I call upon the USSU executives to come forward, apologize and acknowledge the fact that under no circumstances should the USSU infringe upon anyone’s rights and freedoms. Change should be achieved through perseverance and democratic channels and by utilizing the rights and freedoms granted to each and every one of us.

When those who oppose the status quo resort to unjustified tactics in an attempt to force change, we rationalize those behaviours as an acceptable means to achieve change, and that is the example we set for the students who will succeed us when we pass the torch.

The USSU executives have failed to set a meaningful example and have therefore not only failed us but also the generations who will follow us. They should use the energy of the student body to drive and foster change but only when they have the right to do so.

Brendan Dwan

Graphic: Lesia Karalash / Graphics Editor

  • Rome

    Dwan states that the purpose of the University of Saskatchewan Student Union is to “serve the best interests of the student body” and that by publicly accusing the incumbent USSU president of sexual assault, rights of due process have been violated.

    However, if we take it to be true that the USSU represents the best interests of students, then we must also recognize that its acting members have a moral obligation to address the fact that sexual assault is frequently committed on college campuses and in larger Canadian society with near-absolute legal impunity. When the judicial procedures of due process are successfully carried out, Statistics Canada reports that they result in a conviction rate of three per cent. Approximately 98 per cent of accused individuals are male, and of the 1,000 men who commit this crime, only three will be convicted. This means that 997 walk free (source: Holly Johnson, “Limits of a Criminal Justice Response: Trends in Policing and Court Processing of Sexual Assault,” In “Sexual Assault in Canada: Law, Legal Practice and Women’s Activism,” ed. by Elizabeth Sheehy, Ottawa: University of Ottawa Press, 2012, Page 632; See also Statistics Canada, “Police-Reported Sexual Assaults in Canada, 2009 to 2014: A Statistical Profile,” Bullet point number five.)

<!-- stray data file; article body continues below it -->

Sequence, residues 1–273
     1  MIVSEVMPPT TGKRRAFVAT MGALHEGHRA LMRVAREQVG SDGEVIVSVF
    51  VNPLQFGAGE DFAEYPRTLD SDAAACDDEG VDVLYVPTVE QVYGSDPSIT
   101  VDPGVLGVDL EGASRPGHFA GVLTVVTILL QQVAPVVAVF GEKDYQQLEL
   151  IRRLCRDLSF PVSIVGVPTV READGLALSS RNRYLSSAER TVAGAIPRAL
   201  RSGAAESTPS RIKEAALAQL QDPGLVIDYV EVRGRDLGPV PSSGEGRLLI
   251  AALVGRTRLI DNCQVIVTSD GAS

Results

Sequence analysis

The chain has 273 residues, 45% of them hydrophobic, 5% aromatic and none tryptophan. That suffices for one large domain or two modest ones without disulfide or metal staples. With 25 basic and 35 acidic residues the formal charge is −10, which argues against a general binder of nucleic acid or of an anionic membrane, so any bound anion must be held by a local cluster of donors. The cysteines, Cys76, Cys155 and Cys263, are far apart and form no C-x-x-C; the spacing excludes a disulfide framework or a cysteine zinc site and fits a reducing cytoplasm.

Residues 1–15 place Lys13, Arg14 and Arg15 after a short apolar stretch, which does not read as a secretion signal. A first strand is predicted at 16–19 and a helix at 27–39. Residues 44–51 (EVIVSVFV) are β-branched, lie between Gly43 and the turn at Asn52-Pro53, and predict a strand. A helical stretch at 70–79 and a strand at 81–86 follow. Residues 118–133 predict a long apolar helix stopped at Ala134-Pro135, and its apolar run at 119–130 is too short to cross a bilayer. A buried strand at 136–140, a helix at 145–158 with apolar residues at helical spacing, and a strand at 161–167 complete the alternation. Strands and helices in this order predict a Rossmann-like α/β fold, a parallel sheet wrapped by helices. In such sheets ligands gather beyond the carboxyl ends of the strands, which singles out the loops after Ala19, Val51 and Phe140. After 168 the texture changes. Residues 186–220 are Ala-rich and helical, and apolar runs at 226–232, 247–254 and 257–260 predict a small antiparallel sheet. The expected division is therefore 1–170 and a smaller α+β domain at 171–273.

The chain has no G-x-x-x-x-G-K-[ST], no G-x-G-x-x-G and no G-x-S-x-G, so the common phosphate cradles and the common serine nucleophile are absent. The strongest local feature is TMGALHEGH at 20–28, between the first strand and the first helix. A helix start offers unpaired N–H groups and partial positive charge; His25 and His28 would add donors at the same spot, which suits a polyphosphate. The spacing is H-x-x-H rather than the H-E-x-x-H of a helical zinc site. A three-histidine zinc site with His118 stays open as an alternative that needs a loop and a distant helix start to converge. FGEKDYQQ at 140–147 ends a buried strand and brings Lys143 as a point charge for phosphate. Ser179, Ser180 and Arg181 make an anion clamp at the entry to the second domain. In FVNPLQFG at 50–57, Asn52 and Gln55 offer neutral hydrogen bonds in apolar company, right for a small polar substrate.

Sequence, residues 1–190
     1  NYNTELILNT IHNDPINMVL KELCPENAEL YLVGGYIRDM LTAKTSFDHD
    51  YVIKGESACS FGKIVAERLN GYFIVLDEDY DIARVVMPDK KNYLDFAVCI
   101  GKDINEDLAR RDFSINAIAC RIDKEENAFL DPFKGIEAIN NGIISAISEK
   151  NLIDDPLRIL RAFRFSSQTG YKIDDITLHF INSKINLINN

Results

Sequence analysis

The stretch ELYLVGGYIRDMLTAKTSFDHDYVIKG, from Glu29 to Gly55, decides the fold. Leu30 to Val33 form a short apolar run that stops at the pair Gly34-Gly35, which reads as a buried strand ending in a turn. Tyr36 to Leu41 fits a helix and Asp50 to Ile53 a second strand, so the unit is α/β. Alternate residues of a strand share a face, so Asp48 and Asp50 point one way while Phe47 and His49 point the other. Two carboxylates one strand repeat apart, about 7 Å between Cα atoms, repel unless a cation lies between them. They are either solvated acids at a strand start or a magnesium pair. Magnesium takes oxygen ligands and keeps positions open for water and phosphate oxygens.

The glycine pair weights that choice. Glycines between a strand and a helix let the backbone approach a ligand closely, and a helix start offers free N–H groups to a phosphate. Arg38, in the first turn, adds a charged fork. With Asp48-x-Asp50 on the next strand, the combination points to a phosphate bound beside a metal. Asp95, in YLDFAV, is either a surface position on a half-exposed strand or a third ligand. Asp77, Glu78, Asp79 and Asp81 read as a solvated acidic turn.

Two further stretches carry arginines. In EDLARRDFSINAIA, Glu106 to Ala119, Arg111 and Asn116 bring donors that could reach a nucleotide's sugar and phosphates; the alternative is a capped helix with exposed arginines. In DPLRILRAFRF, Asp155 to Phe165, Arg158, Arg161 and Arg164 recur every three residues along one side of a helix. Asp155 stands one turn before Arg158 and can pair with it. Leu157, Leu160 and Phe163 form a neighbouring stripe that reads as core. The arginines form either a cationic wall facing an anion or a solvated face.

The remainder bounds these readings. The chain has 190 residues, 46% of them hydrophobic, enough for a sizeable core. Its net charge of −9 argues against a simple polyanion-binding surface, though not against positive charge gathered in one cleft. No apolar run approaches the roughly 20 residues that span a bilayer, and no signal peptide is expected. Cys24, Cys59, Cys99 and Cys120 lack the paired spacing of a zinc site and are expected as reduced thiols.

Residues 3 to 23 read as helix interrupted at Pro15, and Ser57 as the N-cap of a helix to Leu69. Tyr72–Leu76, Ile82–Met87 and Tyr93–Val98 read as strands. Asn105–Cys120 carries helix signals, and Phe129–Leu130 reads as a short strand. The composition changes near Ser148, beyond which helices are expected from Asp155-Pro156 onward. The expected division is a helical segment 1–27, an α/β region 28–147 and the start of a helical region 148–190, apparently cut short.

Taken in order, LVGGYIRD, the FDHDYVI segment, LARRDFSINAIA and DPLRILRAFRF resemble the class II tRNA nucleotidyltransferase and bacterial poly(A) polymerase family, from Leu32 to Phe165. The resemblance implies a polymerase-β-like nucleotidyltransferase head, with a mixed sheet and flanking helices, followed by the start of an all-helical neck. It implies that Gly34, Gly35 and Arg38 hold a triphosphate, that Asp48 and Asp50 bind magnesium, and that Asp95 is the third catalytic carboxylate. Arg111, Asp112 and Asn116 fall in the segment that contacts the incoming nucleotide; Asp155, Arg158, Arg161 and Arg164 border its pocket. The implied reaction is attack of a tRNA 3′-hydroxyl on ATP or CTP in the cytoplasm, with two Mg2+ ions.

Yes, this is the “society” we live in – how well it functions is another question. Given this evidence, if we are to extend Dwan’s premise that “we” agree (meaning men, women, transgendered, genderqueer and gender non-conforming individuals) to strictly abide by the rules of due process in exchange for our rights and freedoms, then you are implicitly arguing that women do not have a right to a life free of sexual violence and the subsequent devastation of its psychological, physical, social and financial impacts; you are also inadvertently arguing that they do not have a right to recourse through the justice system. In short, they are not entitled to the same rights as men. And the victims *are* predominantly women – Statistics Canada reports that 87 per cent of victims are women (see same Stats Can doc as listed above). Sexual assault is the most gendered of crimes, and it is a faulty premise to assume that “we” all agree to legal procedures that clearly are not effective for the vast majority of victims (Johnson, page 613; See also Elaine Craig, “Putting Trials on Trial: Sexual Assault and the Failure of the Legal Profession,” Montreal & Kingston: McGill-Queen’s University Press, 2018; Page 3).